Instant tea may contain very little amounts of actual tea and plenty of sugars or artificial sweeteners. For health’s sake, always remember to check out the ingredients on the label.

Keep in mind, most teas are benign, but the FDA has issued warnings about the so-called dieter’s teas. Especially that contain senna, aloe, buckthorn, and other plant-derived laxatives.

The agency also warns consumers to be wary of herb-containing supplements that claim to kill pain and fight cancer. For one thing, none of the claims is backed by science and some of the herbs have led to bowel problems. Like, liver and kidney damage, and even death.
General benefits of various teas;

These cautions aside, nutritionists say to drink up and enjoy the health benefits of a variety of teas.

  1. They contain healthy bioactive compounds: Helps in reducing inflammation and helping to fight cancer.
  2. Improves brain functions: Green tea contains less caffeine than coffee but enough to produce an effect. It also contains the amino acid L-theanine, which can work synergistically with caffeine to improve brain function.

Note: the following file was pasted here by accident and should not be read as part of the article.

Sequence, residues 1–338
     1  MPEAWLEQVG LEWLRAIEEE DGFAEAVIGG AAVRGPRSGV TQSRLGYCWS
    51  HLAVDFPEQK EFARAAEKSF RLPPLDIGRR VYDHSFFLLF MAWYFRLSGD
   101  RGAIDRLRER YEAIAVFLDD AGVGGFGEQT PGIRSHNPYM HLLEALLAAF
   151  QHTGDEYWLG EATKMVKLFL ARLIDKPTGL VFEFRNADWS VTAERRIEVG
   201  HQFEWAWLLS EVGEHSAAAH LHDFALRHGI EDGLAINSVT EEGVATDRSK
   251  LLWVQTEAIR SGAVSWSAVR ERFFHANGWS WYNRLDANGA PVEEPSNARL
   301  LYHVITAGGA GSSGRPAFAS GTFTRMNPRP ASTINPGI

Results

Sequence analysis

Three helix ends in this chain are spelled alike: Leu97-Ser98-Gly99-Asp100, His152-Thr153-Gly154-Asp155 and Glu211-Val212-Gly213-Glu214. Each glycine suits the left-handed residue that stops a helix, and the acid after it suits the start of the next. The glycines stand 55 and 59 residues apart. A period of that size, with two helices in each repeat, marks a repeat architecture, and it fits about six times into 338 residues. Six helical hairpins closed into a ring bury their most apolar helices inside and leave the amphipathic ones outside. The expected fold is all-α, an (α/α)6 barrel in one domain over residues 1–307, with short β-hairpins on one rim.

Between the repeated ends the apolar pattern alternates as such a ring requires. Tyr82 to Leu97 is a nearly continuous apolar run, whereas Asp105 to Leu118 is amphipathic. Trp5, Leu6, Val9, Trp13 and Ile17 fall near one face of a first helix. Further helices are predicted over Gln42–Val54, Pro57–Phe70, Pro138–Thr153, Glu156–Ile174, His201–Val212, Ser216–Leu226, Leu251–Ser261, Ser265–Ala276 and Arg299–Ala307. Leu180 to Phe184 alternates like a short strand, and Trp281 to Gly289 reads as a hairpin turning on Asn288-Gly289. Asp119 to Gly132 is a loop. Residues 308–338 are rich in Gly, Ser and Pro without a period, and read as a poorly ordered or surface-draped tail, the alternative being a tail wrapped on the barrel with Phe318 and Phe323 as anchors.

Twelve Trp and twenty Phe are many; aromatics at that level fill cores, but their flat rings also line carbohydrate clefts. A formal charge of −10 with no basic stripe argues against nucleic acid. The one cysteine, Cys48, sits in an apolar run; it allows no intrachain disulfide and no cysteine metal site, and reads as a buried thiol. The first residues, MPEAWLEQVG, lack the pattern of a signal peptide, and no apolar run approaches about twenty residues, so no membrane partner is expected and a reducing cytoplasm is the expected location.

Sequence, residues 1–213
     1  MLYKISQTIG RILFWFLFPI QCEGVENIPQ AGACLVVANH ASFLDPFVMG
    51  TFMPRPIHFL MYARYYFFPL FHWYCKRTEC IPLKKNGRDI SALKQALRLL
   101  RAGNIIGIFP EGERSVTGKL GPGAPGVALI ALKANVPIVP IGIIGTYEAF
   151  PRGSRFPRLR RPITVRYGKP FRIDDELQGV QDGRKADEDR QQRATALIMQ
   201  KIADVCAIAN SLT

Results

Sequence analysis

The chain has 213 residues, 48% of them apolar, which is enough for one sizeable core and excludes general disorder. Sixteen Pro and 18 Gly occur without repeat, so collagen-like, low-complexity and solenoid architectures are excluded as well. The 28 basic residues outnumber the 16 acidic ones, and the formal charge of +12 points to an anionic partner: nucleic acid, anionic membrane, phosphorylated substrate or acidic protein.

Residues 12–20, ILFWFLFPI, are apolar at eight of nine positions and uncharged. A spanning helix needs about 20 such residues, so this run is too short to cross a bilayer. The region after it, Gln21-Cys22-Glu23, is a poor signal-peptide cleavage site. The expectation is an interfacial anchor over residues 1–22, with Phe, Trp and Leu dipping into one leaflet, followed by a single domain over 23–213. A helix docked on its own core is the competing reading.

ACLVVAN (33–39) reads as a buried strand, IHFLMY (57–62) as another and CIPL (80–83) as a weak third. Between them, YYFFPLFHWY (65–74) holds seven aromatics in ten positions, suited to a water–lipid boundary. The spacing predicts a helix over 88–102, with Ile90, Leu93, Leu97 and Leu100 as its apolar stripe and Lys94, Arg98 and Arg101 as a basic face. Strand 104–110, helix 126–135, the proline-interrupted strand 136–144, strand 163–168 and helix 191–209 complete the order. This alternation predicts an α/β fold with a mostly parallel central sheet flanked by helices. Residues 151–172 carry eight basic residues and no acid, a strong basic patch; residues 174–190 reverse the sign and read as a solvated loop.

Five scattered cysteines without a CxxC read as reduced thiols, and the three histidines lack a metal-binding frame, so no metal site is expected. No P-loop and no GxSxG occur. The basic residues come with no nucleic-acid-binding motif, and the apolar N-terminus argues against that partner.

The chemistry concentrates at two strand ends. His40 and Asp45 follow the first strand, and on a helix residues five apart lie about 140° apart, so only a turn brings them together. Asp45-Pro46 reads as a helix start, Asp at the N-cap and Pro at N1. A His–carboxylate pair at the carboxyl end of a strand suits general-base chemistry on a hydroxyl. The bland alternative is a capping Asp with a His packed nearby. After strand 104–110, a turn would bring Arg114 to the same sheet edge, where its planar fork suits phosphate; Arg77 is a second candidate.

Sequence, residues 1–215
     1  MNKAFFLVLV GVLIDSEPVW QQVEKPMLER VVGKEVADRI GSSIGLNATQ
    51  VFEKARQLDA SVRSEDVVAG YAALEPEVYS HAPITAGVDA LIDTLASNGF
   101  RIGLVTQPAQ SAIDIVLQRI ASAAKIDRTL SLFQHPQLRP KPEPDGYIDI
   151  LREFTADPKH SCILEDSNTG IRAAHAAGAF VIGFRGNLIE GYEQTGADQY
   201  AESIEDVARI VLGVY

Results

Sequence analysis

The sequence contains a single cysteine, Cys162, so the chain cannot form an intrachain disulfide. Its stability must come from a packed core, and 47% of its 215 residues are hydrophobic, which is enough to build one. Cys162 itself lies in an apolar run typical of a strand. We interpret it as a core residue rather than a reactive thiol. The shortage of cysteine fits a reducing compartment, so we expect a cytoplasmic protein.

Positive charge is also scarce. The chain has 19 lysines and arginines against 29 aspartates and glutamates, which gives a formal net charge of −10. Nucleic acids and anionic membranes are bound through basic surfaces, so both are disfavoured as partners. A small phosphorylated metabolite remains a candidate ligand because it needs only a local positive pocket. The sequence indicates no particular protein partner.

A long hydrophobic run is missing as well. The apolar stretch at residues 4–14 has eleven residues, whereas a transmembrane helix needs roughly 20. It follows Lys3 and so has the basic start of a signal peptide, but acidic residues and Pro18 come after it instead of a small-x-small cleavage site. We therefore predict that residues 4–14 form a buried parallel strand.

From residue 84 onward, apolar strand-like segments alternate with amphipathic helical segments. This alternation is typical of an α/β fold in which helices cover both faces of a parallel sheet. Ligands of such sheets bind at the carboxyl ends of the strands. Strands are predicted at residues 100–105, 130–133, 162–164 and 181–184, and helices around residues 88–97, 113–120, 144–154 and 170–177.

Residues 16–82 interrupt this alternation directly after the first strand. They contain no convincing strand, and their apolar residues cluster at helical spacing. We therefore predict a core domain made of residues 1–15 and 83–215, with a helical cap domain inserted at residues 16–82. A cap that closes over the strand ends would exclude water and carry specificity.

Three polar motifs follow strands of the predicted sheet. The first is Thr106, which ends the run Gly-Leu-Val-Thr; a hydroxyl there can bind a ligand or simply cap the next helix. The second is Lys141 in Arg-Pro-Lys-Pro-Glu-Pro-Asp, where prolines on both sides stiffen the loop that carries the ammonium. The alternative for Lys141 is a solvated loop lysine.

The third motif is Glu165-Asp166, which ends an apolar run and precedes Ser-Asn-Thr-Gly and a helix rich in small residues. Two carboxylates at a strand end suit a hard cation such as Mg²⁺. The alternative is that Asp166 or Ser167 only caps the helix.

3. Increases fat burning: Teas may boost metabolic rate and increase fat burning in the short term, although not all studies agree. And not only can green tea improve brain function in the short term, but it may also protect your brain as you age.c
  4. Antioxidant effects: The powerful antioxidants may help protect against cancer. Multiple studies show that green tea drinkers have a lower risk of various types of cancer.
  5. May help reduce bad breath: The catechins in green tea may inhibit the growth of bacteria in the mouth, reducing the risk of bad breath.
  6. Helps prevent cardiovascular disease: Green tea may lower total and LDL (bad) cholesterol. As well as protect the LDL particles from oxidation. Studies show that people who drink green tea have a lower risk of cardiovascular disease.

Does Tea Inhibit Coronavirus?

Of course, Yes! Researchers from Taiwan and China have found that in a laboratory study SARS Cov-2 could be inhibited by compounds that are abundant in teas.

Whereas, numerous black tea polyphenols were found to inhibit the SARS Cov-2 replication. Especially those of Theaflavins-1, Theaflavins-2, and Theaflavins-3.